An unusual cybersecurity incident could compromise nearly 100,000 people. Last January, more than 90,000 fans showed up for a college football game, held at the Rose Bowl in Pasadena, California.
Through a facial recognition system, a technology company would have recorded the identifications of each of the fans, capturing data such as age, sex, criminal record, among others, all without the consent of the attendees of the event.
A report revealed by Fox News states that while attendees at the Oregon Ducks-Wisconsin Badgers encounter were searching for their respective seats, a system consisting of at least four sophisticated hidden cameras was carefully recording everyone. These cameras belong to the Philadelphia-based company VSBLTY.
Apparently, these cameras searched the faces of the fans, as well as searching for personal details: “This is a troubling and illegal act,” says one of the attendees at the event.
“I had no idea that they were using that kind of technology in the game, nor did they inform me that it would be analyzed by that technology,” California’s Benjamin Mercke told a researcher on OneZero news platform.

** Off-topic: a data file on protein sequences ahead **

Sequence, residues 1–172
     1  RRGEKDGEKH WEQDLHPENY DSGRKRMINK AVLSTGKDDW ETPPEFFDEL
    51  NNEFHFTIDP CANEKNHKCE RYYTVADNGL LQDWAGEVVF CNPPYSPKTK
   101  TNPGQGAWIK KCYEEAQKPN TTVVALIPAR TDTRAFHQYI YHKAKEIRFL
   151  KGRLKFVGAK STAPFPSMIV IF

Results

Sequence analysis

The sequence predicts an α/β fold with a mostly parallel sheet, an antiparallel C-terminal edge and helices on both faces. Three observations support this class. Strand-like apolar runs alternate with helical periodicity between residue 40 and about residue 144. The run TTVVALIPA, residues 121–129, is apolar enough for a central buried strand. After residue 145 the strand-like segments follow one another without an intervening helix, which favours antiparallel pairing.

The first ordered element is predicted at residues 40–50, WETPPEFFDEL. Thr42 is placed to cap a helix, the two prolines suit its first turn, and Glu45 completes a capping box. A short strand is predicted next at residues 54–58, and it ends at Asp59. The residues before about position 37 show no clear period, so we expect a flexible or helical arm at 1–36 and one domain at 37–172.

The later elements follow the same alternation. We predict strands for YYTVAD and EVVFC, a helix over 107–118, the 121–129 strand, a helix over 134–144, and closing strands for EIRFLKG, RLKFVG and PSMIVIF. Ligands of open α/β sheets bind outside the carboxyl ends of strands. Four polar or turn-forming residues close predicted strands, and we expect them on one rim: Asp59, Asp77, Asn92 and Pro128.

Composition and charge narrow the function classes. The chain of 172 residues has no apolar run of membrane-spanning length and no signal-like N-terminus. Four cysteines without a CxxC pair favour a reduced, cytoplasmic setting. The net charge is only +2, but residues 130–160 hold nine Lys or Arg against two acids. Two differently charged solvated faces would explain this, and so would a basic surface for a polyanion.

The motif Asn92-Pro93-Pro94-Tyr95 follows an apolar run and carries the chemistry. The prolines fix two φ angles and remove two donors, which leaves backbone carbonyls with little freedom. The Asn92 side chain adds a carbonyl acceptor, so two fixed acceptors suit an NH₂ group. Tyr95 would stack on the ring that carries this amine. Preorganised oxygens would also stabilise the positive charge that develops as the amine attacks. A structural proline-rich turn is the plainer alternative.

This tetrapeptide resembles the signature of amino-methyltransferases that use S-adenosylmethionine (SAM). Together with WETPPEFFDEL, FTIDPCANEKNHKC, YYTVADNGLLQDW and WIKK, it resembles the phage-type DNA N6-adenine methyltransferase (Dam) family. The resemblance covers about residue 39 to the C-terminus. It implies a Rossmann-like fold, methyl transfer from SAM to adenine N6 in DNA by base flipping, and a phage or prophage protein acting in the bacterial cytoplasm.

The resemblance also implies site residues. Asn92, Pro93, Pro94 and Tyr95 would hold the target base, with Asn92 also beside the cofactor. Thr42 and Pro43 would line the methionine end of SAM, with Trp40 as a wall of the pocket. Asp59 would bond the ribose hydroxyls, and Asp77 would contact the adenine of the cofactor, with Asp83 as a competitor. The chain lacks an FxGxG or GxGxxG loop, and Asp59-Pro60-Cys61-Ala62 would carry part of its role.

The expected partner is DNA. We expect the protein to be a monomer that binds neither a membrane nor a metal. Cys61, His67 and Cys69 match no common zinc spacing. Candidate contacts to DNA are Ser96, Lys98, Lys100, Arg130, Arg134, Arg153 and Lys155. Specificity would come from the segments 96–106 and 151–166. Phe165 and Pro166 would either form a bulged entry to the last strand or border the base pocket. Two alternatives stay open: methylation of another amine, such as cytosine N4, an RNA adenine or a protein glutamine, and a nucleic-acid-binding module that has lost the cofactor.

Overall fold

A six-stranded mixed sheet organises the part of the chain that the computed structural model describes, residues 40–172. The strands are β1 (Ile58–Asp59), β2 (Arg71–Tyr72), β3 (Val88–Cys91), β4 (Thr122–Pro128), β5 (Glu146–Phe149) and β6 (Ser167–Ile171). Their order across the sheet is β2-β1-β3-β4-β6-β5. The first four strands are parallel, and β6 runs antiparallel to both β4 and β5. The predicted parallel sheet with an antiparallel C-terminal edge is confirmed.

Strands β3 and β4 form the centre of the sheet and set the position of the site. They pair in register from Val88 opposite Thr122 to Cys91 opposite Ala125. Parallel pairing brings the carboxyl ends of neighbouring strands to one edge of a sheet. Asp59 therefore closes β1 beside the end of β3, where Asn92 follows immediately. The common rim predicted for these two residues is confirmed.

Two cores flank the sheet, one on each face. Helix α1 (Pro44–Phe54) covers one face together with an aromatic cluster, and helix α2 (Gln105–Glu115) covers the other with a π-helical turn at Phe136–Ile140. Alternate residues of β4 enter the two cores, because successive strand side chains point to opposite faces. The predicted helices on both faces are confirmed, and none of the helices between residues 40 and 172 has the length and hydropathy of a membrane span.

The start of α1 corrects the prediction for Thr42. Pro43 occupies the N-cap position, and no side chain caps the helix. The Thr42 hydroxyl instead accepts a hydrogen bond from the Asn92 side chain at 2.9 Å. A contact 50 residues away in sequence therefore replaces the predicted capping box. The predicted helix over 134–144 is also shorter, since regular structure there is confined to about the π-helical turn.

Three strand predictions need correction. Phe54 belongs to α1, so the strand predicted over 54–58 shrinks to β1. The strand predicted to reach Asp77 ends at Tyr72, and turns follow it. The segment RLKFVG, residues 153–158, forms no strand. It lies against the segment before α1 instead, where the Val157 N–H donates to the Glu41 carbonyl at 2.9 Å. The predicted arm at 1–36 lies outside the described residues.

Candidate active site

In this regard, the Philadelphia company explains that the cameras did not intend to cause fear or harm to the people who attended the event. A VSBLTY representative argues that this was only an experiment for audience analysis whose sole purpose was to obtain the information needed to improve the consumer experience of fans: “Data collection at this kind of event, in combination with machine learning techniques, can help improve the operational efficiency and logistics of places like this one” the representative mentioned.
The company also mentioned that the cameras were only used on the way to the stadium, specifically in the known area where the “fan fest” was held. Regardless of the purposes pursued by companies, it is extremely worrying that users are not notified about these activities, Mercke added.
This week, the cybersecurity community reported that Microsoft, which offers a similar recognition system to some law enforcement agencies, will soon stop providing such services, so police forces will have to resort to traditional investigative methods or create their own facial recognition tools: “We’ve focused on this for two years and finally we’ve decided that we won’t sell facial recognition technology to police departments in the United States, at least until we have a national law regulating its use with adherence to human rights.”
Other technology companies may implement similar measures in the future.
He is a well-known expert in mobile security and malware analysis. He studied Computer Science at NYU and started working as a cyber security analyst in 2003. He is actively working as an anti-malware expert. He also worked for security companies like Kaspersky Lab. His everyday job includes researching about new malware and cyber security incidents. Also he has deep level of knowledge in mobile security and mobile vulnerabilities.